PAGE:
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Along the Saltwise Sea by A. Deborah Baker
The Biograph Girl by William J. Mann Break the Chains by Megan E. O'Keefe
Cheddar Off Dead by Korina Moss and Erin Moon (Narrator)
The Children on the Hill by Jennifer McMahon
Cryptid Club by Sarah Andersen
Curtain Call by Jennifer L. Holm and Matthew Holm (Illustrator)
Daisy Darker by Alice Feeney and Stephanie Racine (Narrator)
Due or Die by Jenn McKinlay and Allyson Ryan (Narrator) Empty Smiles by Katherine Arden
Guidebook to Murder by Lynn Cahoon and Susan Boyce (Narrator)
The House with a Clock in Its Walls by John Bellairs
A Killing in Costumes by Zac Bissonnette and Melanie Carey and Paul Bellatoni (Narrators)
The Lathe of Heaven by Ursula K. Le Guin
Leviathan by Jason Shiga
The Liminal Zone by Junji Ito
Love (and Other Uses for Duct Tape) by Carrie Jones
Manor of Dying by Kathleen Bridge and Vanessa Daniels (Narrator)
Murder by the Book by Lauren Elliott and Karen White (Narrator)
The Mysterious Affair at Styles by Agatha Christie and Hugh Fraser (Narrator)
On This Airplane by Lourdes Heuer and Sara Palacios (Illustrations)
The Orphan and the Mouse by Martha Freeman and David McPhail (Illustrations)
Primordial by Jeff Lemire, Andrea Sorrentino (Artist) and Dave Stewart (Artist)
Smile Beach Murder by Alicia Bessette and Karissa Vacker
Sophie Go's Lonely Hearts Club by Roselle Lim and Annie Q (Narrator)
The Templeton Twins Have an Idea by Ellis Weiner and Jeremy Holmes (Illustrator)
Tumble by Celia C. PĂ©rez
Unseen Magic by Emily Lloyd-Jones
What Moves the Dead by T. Kingfisher

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3 stars: Average
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The Lathe of Heaven: 12/09/22

The Lathe of Heaven

The Lathe of Heaven by Ursula K. Le Guin (1971) is a near future (or now distant past) speculative fiction primarily about climate change and environmental destruction but it's also a horror novella. It's set in Portland in, waves hands, approximately 2002 but with the ever adjusting timeline, actual timing can be up for debate.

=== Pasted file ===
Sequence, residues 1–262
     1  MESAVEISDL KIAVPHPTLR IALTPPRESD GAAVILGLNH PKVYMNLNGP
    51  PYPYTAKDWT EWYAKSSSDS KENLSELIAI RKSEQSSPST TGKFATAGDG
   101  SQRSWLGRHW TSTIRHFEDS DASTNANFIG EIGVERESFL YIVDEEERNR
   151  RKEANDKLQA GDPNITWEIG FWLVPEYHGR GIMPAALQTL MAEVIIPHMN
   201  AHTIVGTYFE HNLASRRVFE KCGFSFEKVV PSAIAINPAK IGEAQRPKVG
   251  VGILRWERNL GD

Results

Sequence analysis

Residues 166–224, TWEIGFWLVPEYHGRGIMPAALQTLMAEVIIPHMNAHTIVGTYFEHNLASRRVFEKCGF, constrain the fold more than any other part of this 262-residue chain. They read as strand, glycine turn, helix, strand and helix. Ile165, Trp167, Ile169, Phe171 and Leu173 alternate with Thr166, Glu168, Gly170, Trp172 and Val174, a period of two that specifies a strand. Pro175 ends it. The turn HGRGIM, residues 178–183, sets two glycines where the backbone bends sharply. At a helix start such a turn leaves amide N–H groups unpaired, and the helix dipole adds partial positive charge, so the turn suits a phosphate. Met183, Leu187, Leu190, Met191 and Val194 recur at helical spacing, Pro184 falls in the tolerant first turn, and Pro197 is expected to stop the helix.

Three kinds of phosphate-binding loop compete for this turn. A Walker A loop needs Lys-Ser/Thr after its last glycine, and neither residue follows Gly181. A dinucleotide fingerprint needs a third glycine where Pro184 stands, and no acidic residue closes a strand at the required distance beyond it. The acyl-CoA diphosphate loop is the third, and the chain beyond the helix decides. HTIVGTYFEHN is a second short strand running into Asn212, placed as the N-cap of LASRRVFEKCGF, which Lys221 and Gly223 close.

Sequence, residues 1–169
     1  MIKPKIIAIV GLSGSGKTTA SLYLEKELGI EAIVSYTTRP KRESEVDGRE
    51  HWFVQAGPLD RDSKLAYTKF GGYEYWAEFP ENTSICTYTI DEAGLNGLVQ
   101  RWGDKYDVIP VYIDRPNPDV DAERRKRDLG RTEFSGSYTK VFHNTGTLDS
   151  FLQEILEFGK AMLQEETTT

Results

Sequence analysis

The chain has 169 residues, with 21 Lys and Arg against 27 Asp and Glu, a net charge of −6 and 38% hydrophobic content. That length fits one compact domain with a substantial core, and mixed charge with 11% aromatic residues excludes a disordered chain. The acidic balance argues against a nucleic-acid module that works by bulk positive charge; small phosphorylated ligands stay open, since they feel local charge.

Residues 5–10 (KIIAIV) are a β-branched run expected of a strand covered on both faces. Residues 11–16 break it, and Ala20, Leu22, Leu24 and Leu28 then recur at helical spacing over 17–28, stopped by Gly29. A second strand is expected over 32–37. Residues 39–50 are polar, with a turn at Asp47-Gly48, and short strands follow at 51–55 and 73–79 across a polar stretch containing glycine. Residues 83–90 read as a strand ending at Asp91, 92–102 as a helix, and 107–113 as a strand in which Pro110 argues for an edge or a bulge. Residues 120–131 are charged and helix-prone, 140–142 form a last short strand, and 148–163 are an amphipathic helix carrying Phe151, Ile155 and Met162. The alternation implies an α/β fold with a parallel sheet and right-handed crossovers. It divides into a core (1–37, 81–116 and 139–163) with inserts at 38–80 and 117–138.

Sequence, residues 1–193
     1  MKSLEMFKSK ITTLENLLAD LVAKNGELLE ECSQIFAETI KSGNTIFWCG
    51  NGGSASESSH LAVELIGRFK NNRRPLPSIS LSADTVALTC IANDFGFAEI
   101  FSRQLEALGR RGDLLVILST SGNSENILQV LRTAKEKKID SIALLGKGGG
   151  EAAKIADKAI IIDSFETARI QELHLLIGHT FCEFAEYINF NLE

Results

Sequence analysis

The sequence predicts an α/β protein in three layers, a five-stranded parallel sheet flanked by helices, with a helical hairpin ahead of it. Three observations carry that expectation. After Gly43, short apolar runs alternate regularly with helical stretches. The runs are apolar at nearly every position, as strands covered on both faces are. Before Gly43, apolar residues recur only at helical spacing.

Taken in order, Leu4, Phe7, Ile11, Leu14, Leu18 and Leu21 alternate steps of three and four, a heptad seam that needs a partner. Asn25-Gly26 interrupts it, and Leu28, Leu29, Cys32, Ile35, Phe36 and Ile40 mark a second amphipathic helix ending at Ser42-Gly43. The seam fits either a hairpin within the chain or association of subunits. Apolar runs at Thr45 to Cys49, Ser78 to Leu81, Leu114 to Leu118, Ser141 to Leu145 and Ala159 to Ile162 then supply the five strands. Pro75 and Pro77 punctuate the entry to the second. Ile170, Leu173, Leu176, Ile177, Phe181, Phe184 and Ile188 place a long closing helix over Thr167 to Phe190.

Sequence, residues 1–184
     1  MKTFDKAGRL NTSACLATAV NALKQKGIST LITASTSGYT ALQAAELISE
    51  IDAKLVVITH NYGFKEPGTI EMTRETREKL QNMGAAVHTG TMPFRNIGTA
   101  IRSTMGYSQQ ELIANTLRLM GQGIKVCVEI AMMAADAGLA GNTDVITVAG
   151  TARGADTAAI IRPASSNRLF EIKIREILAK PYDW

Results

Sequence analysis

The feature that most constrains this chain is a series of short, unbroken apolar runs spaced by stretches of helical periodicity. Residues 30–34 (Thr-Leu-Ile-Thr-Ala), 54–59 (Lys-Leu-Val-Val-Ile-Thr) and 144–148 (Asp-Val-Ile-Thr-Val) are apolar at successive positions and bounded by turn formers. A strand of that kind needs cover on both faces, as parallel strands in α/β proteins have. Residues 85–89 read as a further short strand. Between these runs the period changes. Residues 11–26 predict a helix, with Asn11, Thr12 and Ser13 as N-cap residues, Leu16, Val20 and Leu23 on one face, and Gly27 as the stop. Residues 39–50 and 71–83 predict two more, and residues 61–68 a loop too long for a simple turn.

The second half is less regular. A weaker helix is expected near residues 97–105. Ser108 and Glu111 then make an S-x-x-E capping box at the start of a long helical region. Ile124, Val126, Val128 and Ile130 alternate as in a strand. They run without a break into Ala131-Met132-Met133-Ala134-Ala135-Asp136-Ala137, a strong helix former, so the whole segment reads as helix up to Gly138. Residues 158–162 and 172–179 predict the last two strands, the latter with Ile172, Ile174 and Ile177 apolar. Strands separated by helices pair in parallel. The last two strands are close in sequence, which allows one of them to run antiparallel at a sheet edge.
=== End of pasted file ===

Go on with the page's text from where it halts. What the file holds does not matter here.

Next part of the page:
I mention the date it takes place because that was the first time I read the book. It's also the year that the second film version was released. We had cable back then and a station, I don't remember which one, broadcast both the 1980 version and the 2002 version. I watched both and read the book to make sense of what I had seen. So here I am twenty years later, rereading the book, realizing how much I missed the first time around.

George Orr is forced into counseling when he's caught borrowing another's pharma card to get extra recreational drugs. In therapy he admits that his dreams change things in the real world. Dr. Haber waltzes into this with bravado and convinces Orr to let him hypnotize him.

Here is the first instance where the reader needs to pay attention. Le Guin spends most of this short novel on descriptions. On the city, the interiors, what people look like. Pay attention! It's in these descriptions that Orr's power is revealed.

Of course Dr. Haber catches on to the changes. Of course he uses his power over Orr to his own advantage. In the process the world changes, some for the best, some for the worst, and some for the completely weird.

I plan to do a third, more in depth reading, probably logging my progress on Tumblr. This book is one of those gems of on the Road Narrative Spectrum.

The relationship between George Orr and Dr. Haber is one of scarecrow and minotaur (99), with each taking turns as the protector and monster. Their destination is uhoria (CC) from the changes in the time line to the numerous discussions on how things got to where there are "now" (with now being a peskier than usual variable). Their route, though, is the maze (CC) as many of the changes are dangerous, resulting in billions of deaths. Summarized, The Lathe of Heaven is about the back and forth between a scarecrow and minotaur as they travel to uhoria via an especially dangerous and unpredictable maze.

Five stars

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